Pediatrics Group Issues New Guidelines for Talking to Teens About Marijuana
The American Academy of Pediatrics has issued new guidelines for doctors and parents to talk to teens about the risks of using marijuana, CNN reports.
Students who bully their classmates are more likely to use cigarettes, alcohol and marijuana, compared with their peers who aren’t bullies, a new study suggests.
“Our findings suggest that one deviant behavior may be related to another,” lead author Kisha Radliff of Ohio State University said in a news release. “For example, youth who bully others might be more likely to also try substance use. The reverse could also be true in that youth who use substances might be more likely to bully others.”
Newswise reports the researchers did not find as strong a link between bullying victims and substance use.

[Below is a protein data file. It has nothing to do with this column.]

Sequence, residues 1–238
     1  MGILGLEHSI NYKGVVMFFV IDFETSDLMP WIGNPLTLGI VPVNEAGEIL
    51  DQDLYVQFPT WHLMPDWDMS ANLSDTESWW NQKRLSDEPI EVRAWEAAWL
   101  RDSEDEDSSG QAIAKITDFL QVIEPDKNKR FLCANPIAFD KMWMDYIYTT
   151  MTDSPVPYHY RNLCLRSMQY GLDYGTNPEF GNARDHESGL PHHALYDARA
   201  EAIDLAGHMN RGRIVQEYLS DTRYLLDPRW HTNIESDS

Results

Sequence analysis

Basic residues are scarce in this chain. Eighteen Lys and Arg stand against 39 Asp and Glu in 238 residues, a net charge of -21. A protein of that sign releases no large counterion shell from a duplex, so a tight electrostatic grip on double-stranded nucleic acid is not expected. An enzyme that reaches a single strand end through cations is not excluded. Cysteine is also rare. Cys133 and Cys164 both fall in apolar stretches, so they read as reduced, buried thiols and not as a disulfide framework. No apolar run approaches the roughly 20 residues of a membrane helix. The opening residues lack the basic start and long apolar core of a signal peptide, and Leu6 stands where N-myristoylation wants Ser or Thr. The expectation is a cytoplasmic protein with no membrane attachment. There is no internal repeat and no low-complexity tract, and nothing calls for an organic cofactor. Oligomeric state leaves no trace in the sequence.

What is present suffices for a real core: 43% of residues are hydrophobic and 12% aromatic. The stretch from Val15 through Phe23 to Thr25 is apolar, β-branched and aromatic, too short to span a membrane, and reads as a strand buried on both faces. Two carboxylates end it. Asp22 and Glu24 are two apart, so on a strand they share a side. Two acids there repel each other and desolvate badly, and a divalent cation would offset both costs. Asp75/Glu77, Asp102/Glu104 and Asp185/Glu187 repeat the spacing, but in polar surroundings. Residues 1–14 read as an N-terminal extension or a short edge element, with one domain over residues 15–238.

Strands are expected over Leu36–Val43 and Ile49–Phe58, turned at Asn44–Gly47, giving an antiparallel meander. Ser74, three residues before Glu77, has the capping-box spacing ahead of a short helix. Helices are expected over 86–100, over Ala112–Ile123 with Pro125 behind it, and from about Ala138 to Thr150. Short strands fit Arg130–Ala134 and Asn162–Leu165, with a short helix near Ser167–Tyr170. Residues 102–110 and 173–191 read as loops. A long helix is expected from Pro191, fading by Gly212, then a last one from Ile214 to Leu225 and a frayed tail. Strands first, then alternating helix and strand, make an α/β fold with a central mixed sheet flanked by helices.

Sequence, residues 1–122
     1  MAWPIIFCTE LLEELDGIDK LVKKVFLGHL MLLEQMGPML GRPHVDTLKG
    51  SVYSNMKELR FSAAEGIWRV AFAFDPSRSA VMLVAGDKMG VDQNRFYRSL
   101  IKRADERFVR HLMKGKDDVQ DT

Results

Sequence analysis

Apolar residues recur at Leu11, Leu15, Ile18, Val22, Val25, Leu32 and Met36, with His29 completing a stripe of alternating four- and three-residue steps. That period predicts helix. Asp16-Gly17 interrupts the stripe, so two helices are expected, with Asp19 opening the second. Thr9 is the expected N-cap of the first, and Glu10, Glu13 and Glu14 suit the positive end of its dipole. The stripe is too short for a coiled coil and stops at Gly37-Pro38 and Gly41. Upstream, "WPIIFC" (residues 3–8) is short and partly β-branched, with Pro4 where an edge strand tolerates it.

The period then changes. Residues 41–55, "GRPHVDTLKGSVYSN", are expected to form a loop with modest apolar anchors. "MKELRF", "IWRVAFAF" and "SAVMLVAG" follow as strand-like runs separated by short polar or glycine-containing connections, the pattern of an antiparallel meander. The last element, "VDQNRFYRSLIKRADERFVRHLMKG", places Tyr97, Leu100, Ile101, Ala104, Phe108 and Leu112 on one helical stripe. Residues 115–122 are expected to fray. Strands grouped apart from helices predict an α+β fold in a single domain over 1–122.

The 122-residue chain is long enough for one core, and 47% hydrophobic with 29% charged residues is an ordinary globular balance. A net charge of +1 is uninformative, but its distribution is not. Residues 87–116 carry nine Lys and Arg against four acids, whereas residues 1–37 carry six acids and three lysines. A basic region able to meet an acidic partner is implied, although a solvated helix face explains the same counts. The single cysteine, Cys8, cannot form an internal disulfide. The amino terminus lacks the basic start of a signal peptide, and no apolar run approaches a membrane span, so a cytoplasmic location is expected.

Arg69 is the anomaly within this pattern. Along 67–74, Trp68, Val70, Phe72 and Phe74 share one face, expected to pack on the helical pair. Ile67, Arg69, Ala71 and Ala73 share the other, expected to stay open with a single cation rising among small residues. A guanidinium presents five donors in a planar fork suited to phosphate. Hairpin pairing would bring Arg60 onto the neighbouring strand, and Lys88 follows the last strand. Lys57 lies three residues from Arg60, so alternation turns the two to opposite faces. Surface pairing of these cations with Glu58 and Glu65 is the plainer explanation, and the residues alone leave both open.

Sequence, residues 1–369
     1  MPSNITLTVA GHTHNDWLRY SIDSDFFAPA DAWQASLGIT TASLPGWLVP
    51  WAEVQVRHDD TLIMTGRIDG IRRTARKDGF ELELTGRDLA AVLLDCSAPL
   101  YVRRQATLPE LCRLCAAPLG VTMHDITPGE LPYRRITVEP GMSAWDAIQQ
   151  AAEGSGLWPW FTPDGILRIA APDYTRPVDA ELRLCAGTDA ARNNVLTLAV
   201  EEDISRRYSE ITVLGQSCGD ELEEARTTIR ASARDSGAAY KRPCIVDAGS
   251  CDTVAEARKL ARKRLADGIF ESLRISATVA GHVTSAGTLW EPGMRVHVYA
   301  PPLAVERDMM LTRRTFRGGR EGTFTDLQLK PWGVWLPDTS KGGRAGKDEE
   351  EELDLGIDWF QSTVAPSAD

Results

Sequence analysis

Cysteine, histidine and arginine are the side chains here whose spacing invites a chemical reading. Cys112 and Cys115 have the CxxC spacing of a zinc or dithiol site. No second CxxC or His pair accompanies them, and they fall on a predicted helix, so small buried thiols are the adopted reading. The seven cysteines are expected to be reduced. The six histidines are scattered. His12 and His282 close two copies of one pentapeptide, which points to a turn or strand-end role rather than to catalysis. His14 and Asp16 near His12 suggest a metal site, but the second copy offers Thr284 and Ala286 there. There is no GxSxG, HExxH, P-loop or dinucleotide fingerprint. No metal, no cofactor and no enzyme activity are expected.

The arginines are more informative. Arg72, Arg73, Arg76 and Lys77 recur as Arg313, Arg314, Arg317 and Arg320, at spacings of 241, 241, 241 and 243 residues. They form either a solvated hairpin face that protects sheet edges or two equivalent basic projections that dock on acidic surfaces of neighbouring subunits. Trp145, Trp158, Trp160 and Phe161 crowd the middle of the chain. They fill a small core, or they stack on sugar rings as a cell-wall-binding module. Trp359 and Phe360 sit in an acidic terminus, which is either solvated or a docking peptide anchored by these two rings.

The researchers reviewed a survey of almost 75,000 students, which included questions on bullying and substance use. The survey found bullying was more common among middle school students than among high school students, and that substance use was more common among high schoolers.
Only 1.6 percent of middle school students not involved in bullying reported marijuana use, compared with 11.4 percent of bullies. Among high school students, 13.3 percent who were not involved in bullying used marijuana, compared with 31.7 percent of bullies. The study found similar results for alcohol and cigarettes.
“Many schools are mandating anti-bullying programs and policies, and we think they need to take this opportunity to address other forms of deviant behavior, such as substance use,” Radliff said. “If we can intervene with bullies while they’re in middle school, we may be able to help them before they start experimenting with substance use.”
The study appears in Addictive Behaviors.